The geologically young islands – just 3.5 million years – have a small number of species, but many of them are endemic: they can be found nowhere else.

And due to their history and where they are located, they are generally speaking not afraid of humans one bit.

Marine Iguanas. Galápagos. Photo by Ben Tavener.

Marine iguanas can be found basking in the hot Equator sunshine throughout the Galápagos archipelago, and are not remotely frightened of humans. Photo by Ben Tavener.

Take for example the Galápagos-endemic marina iguanas. Any lava outcrop around the islands will undoubtedly have a few of these crawling around. They’re found solely on the beaches, swimming between the crags, and don’t mind when the sea lashes them.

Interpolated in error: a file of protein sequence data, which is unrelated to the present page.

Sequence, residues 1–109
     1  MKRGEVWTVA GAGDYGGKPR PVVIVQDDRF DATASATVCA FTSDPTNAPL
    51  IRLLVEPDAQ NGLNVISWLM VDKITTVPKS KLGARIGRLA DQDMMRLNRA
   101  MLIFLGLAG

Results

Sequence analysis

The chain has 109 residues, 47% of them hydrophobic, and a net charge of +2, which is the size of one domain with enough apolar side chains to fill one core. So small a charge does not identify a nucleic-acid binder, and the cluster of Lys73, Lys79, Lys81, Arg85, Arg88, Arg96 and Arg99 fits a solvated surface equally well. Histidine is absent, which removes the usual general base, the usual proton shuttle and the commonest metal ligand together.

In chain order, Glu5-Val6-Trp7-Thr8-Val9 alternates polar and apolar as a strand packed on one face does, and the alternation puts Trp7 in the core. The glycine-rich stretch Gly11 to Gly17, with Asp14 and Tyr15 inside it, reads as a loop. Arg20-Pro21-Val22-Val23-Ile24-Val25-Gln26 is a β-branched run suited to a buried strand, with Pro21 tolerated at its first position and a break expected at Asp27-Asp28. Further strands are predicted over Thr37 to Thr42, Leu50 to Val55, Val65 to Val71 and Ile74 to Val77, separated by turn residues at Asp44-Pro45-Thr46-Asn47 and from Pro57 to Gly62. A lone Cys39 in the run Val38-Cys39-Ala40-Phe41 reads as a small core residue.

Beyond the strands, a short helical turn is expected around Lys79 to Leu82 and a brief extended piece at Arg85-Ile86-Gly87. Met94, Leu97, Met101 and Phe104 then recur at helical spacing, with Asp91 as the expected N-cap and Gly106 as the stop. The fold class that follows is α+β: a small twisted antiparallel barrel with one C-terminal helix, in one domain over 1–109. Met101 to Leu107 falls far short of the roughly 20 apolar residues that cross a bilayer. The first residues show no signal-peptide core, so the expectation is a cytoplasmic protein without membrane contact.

Their counterpart on dry land is the Galápagos land iguana – the true dragon of the islands, and also endemic – along with a Galápagos snake, a scorpion and a range of birds.

In fact, many people interested in birds come to the Galápagos as an extension to the mindbogglingly enormous number of species on the mainland.

The endemic species on the islands include the Galápagos penguin (the most northerly-dwelling in the world), Galápagos mockingbird, Galápagos dove and the rare mangrove finch.

Practically everywhere on the islands you will find a member of the endemic Darwin’s finch family.

They appear to come from a common ancestor – and have developed into fifteen species, identifiable by their body size and beak shape and size. Not true finches, but a Darwin-esque exhibition of evolution. Although he did collect some on his voyage on the Beagle, the attribution comes from the 20th century.